Patterico's Pontifications


President Obama: Apathy Keeps Minorities From Polls

Filed under: General — Dana @ 9:12 pm

[guest post by Dana]

President Obama made an interesting and provocative admission today during a radio interview with Rev. Al Sharpton when discussing voter i.d. laws:

“Most of these laws are not preventing the overwhelming majority of folks who don’t vote from voting,” Obama said during an interview with Rev. Al Sharpton. “Most people do have an ID. Most people do have a driver’s license. Most people can get to the polls. It may not be as convenient, it may be a little more difficult.”

“The bottom line is, if less than half of our folks vote, these laws aren’t preventing the other half from not voting,” Obama said. “The reason we don’t vote is because people have been fed this notion that somehow it’s not going to make a difference. And it makes a huge difference.”

It’s ironic, too, considering the Obama Justice Dept. charge that voter i.d laws suppress (Democratic) voters by placing undue hardships on poor and minority voters, as well as Holder’s own claims of voter i.d. laws amounting to a poll tax.

On a side note, commenter Charlotte made a smart observation on the Supreme Court Allows Texas Voter I.D. Law thread:

How is it that Mozambique, with a per capita GDP of $ 435 and an illiteracy rate of 48%, has just held an election requiring photo ID for its electorate, but so many on the left baulk when similar requirements are legislated in the US.


White House Edits Embarrassing Joke By Obama Out of Official Transcript

Filed under: General — Patterico @ 7:54 pm

The Blaze:

The official transcript of a fundraiser speech President Barack Obama delivered at a private residence in Chicago Monday afternoon failed to include a joke he made about finding unpaid bills on his Chicago home’s desk.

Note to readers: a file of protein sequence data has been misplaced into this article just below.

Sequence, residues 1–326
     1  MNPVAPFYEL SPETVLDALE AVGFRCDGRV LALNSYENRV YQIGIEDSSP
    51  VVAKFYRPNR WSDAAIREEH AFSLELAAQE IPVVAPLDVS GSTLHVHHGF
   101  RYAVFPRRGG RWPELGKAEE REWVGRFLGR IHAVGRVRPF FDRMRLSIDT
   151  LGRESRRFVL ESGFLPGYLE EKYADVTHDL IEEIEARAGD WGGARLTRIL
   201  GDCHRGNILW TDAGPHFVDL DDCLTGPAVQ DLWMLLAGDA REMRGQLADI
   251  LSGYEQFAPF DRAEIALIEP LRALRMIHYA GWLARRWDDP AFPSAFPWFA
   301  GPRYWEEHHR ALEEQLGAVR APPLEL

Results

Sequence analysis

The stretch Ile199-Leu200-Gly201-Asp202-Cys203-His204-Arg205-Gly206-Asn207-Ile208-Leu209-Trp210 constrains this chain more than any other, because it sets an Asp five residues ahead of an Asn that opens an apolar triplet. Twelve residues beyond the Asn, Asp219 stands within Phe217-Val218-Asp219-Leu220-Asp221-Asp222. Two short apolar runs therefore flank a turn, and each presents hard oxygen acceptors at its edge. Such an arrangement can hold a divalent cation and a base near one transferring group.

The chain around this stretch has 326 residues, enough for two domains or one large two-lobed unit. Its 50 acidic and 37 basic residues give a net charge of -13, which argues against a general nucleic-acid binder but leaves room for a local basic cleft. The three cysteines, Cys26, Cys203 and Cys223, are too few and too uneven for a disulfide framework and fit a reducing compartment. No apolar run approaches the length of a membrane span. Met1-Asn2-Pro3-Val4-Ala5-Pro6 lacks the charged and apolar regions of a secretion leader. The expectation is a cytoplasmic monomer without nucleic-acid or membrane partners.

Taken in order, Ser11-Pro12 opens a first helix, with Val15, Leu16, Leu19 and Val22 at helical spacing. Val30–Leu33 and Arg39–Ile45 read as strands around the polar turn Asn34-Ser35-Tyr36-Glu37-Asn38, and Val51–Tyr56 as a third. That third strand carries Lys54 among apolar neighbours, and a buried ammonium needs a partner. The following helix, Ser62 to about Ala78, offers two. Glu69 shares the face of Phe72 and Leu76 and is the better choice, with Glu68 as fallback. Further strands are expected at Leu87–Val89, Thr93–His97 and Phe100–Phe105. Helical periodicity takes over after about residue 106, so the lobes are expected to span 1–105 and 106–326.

“One of the nice things about being home is actually that it’s a little bit like a time capsule. Because Michelle and I and the kids, we left so quickly that there’s still junk on my desk, including some unpaid bills — I think eventually they got paid — but they’re sort of stacked up. And messages, newspapers and all kinds of stuff,” Obama said during his address, according to the pool report.

That joke about unpaid bills, however, didn’t make it into the official transcript.

Instead, as noted by Politico’s Jennifer Epstein, the quote leaves out the reference to finding the stack of bills. It only quotes the president as saying that “there’s still junk on my desk, including some — newspapers and all kinds of stuff.​”

The Associated Press’ Josh Lederman explained on Twitter that finding the quote required reviewing the tapes of the event.

At Hot Air, they reveal that the transcript now says “inaudible” instead of the bit about Obama not paying his bills. Hmm. It was audible to the reporters. Funny how it got inaudible exactly at the embarrassing part!